Highly respected in the field of radiology and with a career built on scientific and educational leadership, William J. Casarella, MD, professor and former chair of the Department of Radiology, Emory University School of Medicine, will receive the 2005 Gold Medal from the American Roentgen Ray Society (ARRS), the society's highest honor. Dr. Casarella will receive the award on May 18 in New Orleans at the society's annual meeting.
He is one of three recipients to receive a Gold Medal this year.
The AARS's Gold Medal signifies a lifetime of service and contributions to the field of radiology, as well as excellence in leadership.
"I am honored to receive this recognition by one of the oldest radiological societies in the world," says Dr. Casarella. "After 35 years in the field of radiology, I look back at my career and believe I was very lucky in my timing to come into this field when interventional radiology was in its infancy. Over the years, I've watched the field grow to something extraordinary."
Dr. Casarella received his bachelor's degree from Yale University and his medical degree from Harvard Medical School. He then completed residencies at Boston City Hospital and Columbia-Presbyterian Medical Center. After spending 11 years as chief of the cardiovascular section of radiology at Columbia-Presbyterian Medical Center, he was appointed to the radiology faculty at Emory in 1981, where he also was named chair of the Department of Radiology.
Dr. Casarella was only the second person to hold the position of chair in the history of the Emory Department of Radiology. He held that position for 23 years. Highlights of his 23-year tenure include recruiting outstanding scientists and clinicians that were leaders in the field of radiology, building one of the premier residency training programs in the country, creating a high-tech, advanced outpatient radiology clinic, and developing a filmless radiology system.
Today, Dr. Casarella holds the position of professor of radiology and Executive Associate Dean for Clinical Affairs, Emory University School of Medicine.
Dr. Casarella was instrumental in the early work in the field of interventional radiology. During the 1980s, he helped develop applications and techniques for angioplasty and diagnostic angiography. "We developed new techniques in interventional radiology to cut down on morbidity and reduce the number of surgeries performed in very sick patients," explains Dr. Casarella. "At the time, everyone thought we were crazy for devising such techniques, but now these applications are used daily in cardiology, vascular surgery and neurosurgery."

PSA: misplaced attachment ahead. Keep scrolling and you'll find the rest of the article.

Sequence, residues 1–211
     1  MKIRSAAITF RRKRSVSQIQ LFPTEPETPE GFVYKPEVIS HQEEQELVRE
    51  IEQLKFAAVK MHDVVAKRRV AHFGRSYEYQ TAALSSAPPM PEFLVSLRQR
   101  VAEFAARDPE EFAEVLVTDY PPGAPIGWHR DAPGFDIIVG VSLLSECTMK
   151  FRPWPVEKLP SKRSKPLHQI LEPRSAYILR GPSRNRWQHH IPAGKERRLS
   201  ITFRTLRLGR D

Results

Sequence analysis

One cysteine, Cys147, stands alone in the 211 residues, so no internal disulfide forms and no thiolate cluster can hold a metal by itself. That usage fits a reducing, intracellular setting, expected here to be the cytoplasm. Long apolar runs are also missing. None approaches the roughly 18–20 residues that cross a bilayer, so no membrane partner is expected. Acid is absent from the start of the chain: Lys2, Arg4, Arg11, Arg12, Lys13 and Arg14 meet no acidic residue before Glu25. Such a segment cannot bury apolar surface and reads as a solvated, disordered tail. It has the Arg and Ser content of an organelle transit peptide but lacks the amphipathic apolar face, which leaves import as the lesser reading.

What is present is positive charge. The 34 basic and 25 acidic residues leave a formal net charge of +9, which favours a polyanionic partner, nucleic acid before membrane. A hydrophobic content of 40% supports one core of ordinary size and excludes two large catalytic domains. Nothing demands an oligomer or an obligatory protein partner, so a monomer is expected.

Dr. Casarella has also been involved in a number of radiology societies throughout the years. In 2000, he served as president of the ARRS. In 1998, he held a two-year term as president of the American Board of Radiology and has been a member for more than 10 years. He was also a founding member and president of the Society of Cardiovascular Radiology, which started with 12 members in the 1970s. Today, the organization, now called the Society of Interventional Radiology, is 5000 members strong. Dr. Casarella received the Gold Medal from that society, as well.
While Dr. Casarella's long history in the field of radiology shows his incredible expertise, scientific knowledge, teaching skills and leadership qualities, he still says his greatest endeavors come outside of the hospital. "My greatest accomplishments are my family; a loving wife - Kay Vydareny, MD, professor of radiology at Emory, five children together and eight wonderful grandchildren," Dr. Casarella remarks. "They are my pride and joy."